There was no time like the late 1990s to experiment with retail technology. Retail sales were up, IT spending was up, and the economy was generally strong. Retailers who tinkered with technology back then might have felt a little growing pain at the time, but those who got it right broke into the new millennium at full stride. Such was the case in the IT department at $760 million Wilsons Leather. Wilsons admits it wasn't easy moving away from its own proprietary merchandise management system and into a beta relationship with a large retail software vendor. Centralized, enterprise-wide merchandise management tools were just breaking over the horizon at the time, and Wilsons was about to become the testing ground for what has evolved into a flagship merchandise management product.
Wilsons was running an aging, homegrown merchandise management system in what the company admits was a doing-things-a-certain-way-because-that's-the-way-they-had always-been-done scenario. While in the mid- to late- 1990s the company was rapidly adding stores (at close to 100 per year) and stock keeping units (it now carries more than 10,000), its merchandise management systems were bogging down. Full replenishment cycles, for example, were taking nearly a full day to process, a problem that was compounded during the holiday shopping season. Wilsons jumped at the opportunity to partner with retail software vendor JDA to test and prepare its ODBMS (Open DataBase Merchandising System) product for market. But old habits die hard. While the project brought some immediate performance improvements like the ability to do stock replenishment more often, Wilsons continued to build work arounds and modifications to some elements of the software.
Work Arounds And Add-Ons Create Headaches
When building ODBMS, Wilsons failed to take full advantage of the software's SDI (standard data interface) tables. These tables are designed to set a framework for the merchandise management model by keeping static data, which makes upgrades and interfaces easier. Without utilizing the SDI tables, each time Wilsons made a program change or attempted to interface its merchandising management system to another program (such as accounting or inventory), it would have to write the interface from scratch. "When we first went live with the system, we simply didn't realize the importance of using the tables," says John Kondratuk, managing director of business systems at Wilsons. "Now, we keep the data in the SDI tables current, so when we upgrade, we don't need to completely rewrite the interface."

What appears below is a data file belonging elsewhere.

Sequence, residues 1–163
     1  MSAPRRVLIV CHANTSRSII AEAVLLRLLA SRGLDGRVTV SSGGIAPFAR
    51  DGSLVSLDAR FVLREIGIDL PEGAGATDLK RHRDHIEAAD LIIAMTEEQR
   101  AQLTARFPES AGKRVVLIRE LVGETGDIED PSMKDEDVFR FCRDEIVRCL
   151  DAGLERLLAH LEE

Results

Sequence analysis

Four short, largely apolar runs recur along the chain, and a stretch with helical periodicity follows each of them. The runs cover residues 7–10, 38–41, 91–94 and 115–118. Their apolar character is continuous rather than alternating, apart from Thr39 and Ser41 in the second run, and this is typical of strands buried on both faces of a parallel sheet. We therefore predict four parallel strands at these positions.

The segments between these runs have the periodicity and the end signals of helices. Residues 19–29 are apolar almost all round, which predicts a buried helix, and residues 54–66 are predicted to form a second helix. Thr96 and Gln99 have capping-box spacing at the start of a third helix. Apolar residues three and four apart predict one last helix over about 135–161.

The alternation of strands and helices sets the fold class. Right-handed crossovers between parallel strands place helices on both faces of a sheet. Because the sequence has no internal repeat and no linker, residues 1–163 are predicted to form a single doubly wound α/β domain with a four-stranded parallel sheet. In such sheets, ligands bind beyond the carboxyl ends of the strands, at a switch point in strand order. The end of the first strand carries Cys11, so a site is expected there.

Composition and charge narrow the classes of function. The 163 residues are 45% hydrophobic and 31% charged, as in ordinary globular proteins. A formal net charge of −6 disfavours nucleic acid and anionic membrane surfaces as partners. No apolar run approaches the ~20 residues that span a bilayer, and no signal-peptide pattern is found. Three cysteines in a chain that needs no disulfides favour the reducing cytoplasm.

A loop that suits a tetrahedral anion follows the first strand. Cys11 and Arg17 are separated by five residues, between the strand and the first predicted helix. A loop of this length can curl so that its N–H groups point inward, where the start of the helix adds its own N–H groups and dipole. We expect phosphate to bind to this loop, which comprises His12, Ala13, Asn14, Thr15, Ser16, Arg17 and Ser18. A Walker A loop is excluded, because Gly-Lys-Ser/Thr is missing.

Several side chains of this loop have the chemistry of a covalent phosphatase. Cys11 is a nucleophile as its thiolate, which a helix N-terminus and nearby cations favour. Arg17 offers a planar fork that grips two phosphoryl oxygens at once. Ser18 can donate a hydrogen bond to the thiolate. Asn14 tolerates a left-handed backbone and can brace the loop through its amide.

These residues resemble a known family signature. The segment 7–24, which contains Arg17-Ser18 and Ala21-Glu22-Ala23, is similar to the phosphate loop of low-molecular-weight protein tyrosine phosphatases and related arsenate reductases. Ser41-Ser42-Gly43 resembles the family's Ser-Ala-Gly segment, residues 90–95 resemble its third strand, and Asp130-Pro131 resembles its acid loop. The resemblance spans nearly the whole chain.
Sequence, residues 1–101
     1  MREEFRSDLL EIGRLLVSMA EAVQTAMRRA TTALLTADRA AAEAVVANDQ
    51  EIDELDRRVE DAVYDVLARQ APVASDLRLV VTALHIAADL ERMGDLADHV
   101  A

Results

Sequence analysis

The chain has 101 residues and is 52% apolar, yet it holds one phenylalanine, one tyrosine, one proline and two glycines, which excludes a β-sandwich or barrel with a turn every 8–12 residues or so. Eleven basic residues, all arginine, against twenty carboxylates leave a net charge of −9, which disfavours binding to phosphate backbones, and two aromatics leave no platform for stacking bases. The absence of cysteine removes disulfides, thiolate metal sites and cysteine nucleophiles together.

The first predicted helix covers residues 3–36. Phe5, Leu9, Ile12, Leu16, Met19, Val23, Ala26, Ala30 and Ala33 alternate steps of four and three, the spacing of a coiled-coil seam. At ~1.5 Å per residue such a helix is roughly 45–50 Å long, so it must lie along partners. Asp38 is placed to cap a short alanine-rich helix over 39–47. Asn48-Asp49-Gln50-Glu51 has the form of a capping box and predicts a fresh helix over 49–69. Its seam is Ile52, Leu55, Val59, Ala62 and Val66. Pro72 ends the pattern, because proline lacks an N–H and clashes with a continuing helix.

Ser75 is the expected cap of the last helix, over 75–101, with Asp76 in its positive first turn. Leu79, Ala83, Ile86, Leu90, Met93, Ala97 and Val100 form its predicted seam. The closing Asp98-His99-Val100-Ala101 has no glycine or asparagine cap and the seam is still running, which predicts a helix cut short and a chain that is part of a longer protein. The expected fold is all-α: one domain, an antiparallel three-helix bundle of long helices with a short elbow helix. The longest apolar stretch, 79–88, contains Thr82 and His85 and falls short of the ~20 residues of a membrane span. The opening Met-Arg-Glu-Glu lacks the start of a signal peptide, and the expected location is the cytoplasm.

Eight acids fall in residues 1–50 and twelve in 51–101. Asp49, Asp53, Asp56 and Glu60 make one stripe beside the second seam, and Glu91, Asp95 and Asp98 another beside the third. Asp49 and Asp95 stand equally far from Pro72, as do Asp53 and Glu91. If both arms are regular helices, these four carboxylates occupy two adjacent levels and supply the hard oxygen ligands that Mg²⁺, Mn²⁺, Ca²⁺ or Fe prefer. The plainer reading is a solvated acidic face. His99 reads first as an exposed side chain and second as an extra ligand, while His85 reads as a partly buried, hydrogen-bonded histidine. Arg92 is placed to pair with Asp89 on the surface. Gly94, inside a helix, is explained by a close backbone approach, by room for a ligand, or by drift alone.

In addition to building each interface instead of using all the SDI tables, Wilsons was faced with the reality that ODBMS had no retail stock ledger. While the retailer was working with JDA to design one, it was forced to use its own homegrown stock ledger. Wilsons ended up with an application that took 16 hours to run and often never finished its job. "We got by with this monster we had created until we finished working with JDA to build a stock ledger into the system. Now we use it instead of the application we had created," says Kondratuk. As a result, it now takes between three and four hours for Wilsons to do a stock recalculation.
Merchandise Management In The New Millennium
Wilsons' modifications and work arounds to ODBMS were wreaking havoc with upgrade attempts. With its customizations and modifications removed, the retailer found itself ready for a merchandise management upgrade in 2000. The move to the Portfolio Merchandise Management System was actually several upgrades in one. Wilsons had to make the step-by-step transition from version 3.18 to 4.2. Data had to be converted version-by-version and tested for accuracy at the conclusion of each step. But in the end, the retailer was empowered with functionality it had never imagined back in 1997.